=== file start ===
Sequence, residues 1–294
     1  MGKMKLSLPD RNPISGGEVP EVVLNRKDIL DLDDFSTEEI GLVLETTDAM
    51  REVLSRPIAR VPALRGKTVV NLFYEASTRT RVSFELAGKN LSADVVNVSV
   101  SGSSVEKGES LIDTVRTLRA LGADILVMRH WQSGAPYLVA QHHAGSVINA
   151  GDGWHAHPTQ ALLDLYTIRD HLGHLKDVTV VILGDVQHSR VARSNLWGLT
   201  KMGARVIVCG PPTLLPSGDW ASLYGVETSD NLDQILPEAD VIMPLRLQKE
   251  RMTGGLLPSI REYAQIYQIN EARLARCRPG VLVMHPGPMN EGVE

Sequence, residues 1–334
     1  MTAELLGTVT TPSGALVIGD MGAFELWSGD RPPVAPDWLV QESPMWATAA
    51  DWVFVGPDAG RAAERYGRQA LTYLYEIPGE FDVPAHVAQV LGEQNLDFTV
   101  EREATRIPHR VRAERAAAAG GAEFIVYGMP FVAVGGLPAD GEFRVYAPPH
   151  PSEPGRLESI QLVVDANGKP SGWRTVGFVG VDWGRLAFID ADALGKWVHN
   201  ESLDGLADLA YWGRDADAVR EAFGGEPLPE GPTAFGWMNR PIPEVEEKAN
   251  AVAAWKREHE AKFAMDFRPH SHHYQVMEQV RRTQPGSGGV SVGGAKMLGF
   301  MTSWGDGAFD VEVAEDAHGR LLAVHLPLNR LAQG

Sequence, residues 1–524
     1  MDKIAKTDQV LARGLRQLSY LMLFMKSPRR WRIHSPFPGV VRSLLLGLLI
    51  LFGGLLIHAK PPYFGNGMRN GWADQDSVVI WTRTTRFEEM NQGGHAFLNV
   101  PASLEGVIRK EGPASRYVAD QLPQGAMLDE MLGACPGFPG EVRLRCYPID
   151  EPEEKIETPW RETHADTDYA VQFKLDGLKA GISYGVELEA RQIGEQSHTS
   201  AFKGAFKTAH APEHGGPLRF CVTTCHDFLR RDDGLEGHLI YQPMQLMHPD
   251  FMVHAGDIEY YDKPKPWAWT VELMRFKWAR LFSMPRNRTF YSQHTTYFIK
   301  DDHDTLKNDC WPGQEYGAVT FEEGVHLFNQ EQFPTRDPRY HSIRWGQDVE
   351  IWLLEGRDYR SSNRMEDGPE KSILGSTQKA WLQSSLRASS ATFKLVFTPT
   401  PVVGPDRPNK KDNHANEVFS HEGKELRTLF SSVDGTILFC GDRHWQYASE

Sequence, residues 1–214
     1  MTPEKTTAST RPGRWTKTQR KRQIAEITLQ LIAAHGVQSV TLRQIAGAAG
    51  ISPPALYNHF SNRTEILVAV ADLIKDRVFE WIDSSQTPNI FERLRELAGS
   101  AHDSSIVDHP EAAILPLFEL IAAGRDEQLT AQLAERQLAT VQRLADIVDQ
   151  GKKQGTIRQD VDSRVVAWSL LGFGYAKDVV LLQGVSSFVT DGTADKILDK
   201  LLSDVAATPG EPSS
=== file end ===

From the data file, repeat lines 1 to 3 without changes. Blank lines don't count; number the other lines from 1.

Sequence, residues 1–294
     1  MGKMKLSLPD RNPISGGEVP EVVLNRKDIL DLDDFSTEEI GLVLETTDAM
    51  REVLSRPIAR VPALRGKTVV NLFYEASTRT RVSFELAGKN LSADVVNVSV